|Key people||Henri Duboscq, winemaker|
|Varietals||Cabernet Sauvignon, Cabernet Franc, Merlot|
Château MacCarthy is a wine from the Saint-Estèphe appellation area, Haut-Médoc, Bordeaux region, France. Once a significant and independent estate, it was bought by the Duboscq family of Château Haut-Marbuzet in 1988 and the brand has since then been used to label the second wine of their production.
The estate was named after Dennis MacCarthy (1719–1796), a member of the eldest branch of clan MacCarthy-Diarmuid-Reagh, formerly established at Cloghan Castel, county Cork, Ireland. It is believed that the MacCarthys were Jacobite Catholics who followed King James II Stuart to France in 1692, after his defeat at the Battle of the Boyne. Among other noble Irishmen, like the Lynchs, the Clarkes and the Dillons, Dennis MacCarthy settled near Bordeaux, an active French port of the time, where he established his family.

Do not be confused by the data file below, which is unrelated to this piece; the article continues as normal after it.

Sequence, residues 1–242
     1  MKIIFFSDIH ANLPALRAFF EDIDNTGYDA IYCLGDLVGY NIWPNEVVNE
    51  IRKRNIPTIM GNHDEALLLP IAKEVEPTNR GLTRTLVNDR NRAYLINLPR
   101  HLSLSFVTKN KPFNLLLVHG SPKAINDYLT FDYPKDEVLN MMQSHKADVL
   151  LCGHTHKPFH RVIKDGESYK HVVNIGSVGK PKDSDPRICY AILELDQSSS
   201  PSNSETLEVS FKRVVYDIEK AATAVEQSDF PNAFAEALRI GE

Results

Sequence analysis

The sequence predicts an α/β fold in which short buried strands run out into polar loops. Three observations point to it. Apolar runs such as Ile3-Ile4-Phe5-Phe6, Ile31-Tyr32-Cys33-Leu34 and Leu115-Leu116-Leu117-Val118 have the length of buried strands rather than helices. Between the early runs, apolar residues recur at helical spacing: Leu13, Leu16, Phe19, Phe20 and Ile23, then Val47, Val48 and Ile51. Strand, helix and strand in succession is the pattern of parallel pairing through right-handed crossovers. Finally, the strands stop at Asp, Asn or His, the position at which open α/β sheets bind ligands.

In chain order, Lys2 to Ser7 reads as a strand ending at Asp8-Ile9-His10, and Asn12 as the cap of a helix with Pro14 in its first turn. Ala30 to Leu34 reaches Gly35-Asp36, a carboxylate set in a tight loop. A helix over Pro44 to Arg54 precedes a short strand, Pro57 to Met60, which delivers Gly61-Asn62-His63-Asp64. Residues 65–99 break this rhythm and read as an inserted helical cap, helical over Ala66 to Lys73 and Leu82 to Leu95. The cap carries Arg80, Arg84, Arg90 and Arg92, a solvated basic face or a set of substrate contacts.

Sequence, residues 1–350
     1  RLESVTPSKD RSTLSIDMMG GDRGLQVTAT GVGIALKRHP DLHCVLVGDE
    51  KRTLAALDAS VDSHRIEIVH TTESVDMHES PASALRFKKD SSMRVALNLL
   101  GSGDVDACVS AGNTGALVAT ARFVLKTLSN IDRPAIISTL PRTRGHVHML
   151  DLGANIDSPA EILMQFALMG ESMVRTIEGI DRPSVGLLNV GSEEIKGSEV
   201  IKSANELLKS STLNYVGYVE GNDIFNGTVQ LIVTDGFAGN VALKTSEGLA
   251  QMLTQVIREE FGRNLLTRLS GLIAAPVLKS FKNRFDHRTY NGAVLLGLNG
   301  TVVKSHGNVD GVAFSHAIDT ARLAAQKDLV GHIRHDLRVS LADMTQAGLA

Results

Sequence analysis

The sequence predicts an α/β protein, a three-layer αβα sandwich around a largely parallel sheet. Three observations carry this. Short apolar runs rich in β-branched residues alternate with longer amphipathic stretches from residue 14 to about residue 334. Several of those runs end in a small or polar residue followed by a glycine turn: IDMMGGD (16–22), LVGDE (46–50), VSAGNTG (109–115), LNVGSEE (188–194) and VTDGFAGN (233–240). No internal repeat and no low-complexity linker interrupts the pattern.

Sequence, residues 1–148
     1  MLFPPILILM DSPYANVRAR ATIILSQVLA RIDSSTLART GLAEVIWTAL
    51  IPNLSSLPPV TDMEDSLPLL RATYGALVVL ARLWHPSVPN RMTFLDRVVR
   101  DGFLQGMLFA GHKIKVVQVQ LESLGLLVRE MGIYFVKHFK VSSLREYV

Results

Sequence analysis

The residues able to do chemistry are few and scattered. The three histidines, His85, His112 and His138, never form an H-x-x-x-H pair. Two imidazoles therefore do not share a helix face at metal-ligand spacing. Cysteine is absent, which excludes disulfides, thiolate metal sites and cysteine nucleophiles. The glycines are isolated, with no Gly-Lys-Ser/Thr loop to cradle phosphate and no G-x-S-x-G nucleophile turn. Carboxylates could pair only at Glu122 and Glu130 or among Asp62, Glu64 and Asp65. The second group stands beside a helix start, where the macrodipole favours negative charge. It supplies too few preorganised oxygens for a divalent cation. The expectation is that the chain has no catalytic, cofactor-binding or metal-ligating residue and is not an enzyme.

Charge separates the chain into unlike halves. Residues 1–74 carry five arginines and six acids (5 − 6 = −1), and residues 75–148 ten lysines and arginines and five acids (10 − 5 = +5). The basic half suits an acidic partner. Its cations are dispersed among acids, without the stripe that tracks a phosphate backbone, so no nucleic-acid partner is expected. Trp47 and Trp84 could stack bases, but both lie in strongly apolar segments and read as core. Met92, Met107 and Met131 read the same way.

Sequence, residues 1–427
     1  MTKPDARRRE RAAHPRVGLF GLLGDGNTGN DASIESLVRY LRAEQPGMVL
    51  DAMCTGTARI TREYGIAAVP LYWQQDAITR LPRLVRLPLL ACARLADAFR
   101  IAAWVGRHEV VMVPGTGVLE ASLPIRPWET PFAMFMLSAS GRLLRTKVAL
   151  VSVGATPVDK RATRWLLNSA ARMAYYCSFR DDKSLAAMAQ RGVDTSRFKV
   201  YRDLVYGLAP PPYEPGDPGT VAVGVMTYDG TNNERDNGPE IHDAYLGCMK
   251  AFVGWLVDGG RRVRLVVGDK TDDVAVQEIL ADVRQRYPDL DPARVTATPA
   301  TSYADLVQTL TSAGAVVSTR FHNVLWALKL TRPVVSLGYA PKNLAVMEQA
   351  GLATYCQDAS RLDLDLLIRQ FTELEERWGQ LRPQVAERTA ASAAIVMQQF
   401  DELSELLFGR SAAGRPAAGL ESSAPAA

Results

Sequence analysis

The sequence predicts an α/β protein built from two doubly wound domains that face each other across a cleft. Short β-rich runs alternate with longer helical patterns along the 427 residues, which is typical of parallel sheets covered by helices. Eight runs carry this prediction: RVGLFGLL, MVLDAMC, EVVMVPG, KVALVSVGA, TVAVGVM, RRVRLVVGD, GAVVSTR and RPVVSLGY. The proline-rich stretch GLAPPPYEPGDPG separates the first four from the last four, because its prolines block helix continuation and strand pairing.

Applied to Bordeaux, the broader movement of Irish exiles to Continental Europe known as Flight of the Wild Geese is called the "Flight of the Wine Geese"  as many of them left traces in the Médoc wine industry by creating estates which bore their names.
In Bordeaux, their fortunes prospered. Dennis MacCarthy became a prominent citizen, director of the Chamber of Commerce in 1767, then Premier Consul of the city in 1767-1768. His nephews John and Donald MacCarthy founded MacCarthy Frères a négociant company specialized in shipping wines to the British Isles and Scandinavia. A rue MacCarthy in Bordeaux-Caudéran commemorates their ascension. In 1815, all the vines of Marbuzet formed part of MacCarthy estate. In 1854, they were forced to divide up the estate and sell it to the Raymond family.
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